If you want to go somewhat extra-canonical, the Colonial Marines Technical Manual is full of references to extraterrestrial life—sentience seems pretty rare, but there are "bugs" everywhere. Not bugs as in our capital-A movie Aliens, but lots and lots of various kinds of annoying life that Marines have to frequently get rid of.
u/TheHYPO · 20 pointsr/MovieDetails

He doesn't "talk shit" as in insult people or put people down, but he frequently "talks shit" as in makes up complete bullshit lies to explain explain things or rewrite history. It's not to insult people, but it feels to me to be a form of insecurity that he is unwilling or unable to admit that anything was a "mistake" or that he changed his mind ever.

A fantastic book about the history of the franchise that provides all sorts of citations demonstrates how Lucas's favourite phrase is "I always intended..." (as South Park famously parodied).

Star Wars was originally (or at least very early) conceived as a Flash Gordon serial of a dozen films - but like James Bond with completely independent stories set around the same characters/universe, with Lucas directing the first, and handing the reins to other directors for each subsequent film.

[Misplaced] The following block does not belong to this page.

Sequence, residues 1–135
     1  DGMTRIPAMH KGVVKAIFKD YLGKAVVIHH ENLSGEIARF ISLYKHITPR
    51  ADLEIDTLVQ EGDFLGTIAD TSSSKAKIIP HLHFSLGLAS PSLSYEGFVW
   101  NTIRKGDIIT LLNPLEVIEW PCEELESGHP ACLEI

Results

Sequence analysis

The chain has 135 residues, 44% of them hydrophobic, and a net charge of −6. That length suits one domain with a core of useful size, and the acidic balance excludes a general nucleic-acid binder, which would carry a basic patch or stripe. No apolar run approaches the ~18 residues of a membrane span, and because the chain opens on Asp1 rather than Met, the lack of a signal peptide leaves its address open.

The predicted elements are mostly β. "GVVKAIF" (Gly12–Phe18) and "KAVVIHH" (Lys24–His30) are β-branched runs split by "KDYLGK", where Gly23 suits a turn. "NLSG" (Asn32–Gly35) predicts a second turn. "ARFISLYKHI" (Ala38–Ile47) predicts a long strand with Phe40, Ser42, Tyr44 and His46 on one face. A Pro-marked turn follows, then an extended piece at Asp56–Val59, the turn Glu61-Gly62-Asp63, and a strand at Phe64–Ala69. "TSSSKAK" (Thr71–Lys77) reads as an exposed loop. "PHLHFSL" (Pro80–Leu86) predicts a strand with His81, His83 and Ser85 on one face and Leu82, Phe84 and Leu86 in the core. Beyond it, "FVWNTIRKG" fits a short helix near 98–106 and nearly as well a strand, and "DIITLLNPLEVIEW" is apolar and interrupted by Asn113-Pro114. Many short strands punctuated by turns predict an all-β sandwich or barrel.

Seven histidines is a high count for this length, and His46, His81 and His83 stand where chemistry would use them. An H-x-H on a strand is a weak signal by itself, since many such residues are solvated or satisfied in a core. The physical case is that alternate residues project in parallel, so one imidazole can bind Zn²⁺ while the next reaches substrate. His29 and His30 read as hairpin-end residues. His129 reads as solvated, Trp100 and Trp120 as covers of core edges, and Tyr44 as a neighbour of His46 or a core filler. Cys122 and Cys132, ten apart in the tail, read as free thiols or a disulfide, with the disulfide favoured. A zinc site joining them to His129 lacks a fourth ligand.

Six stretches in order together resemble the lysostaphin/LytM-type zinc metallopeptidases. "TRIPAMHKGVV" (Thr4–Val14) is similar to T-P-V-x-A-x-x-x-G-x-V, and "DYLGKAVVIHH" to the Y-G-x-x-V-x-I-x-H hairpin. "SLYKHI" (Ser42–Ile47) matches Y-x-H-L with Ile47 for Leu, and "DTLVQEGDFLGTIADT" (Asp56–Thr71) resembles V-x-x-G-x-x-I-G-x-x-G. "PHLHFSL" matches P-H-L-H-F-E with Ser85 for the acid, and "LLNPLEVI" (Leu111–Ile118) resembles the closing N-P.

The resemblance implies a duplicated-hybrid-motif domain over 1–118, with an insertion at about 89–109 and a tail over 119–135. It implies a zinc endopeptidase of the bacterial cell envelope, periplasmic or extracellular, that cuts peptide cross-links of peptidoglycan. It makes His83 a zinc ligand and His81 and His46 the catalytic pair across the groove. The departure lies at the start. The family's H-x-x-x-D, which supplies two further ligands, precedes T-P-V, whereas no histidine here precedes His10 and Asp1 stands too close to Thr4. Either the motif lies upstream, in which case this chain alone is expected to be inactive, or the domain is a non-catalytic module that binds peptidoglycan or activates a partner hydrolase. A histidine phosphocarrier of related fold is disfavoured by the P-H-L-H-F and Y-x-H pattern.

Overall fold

At some point it becomes more of a saga... then you get the trilogy... the prequels... the sequels... in the interviews preceding the mid-90s special edition VHS tapes he alleges to have always planned a 9-part story with 4-5-6 being the middle, and having plans for the stories for the other two trilogies. Later he claimed he never actually had anything planned for the sequel trilogy beyond a brief outline, and I think even later still he denied ever planning a sequel trilogy when he realized that he was going to make the series about the rise and fall of Vader (who was dead after ep.6) which would make a sequel trilogy out of place.

That's just one example. He claims to have always planned the stories as they were, even though it's clear that Vader wasn't written as Luke's father until a revised draft of Empire (Vader is more of a henchman to Tarkin than a central villain in Ep. 4 - he didn't become the menacing figurehead leader of the empire until Ep. 4) Various lines in Ep4 have to be twisted to fit the father narrative - most famously Obiwan's "true... from a certain point of view" line.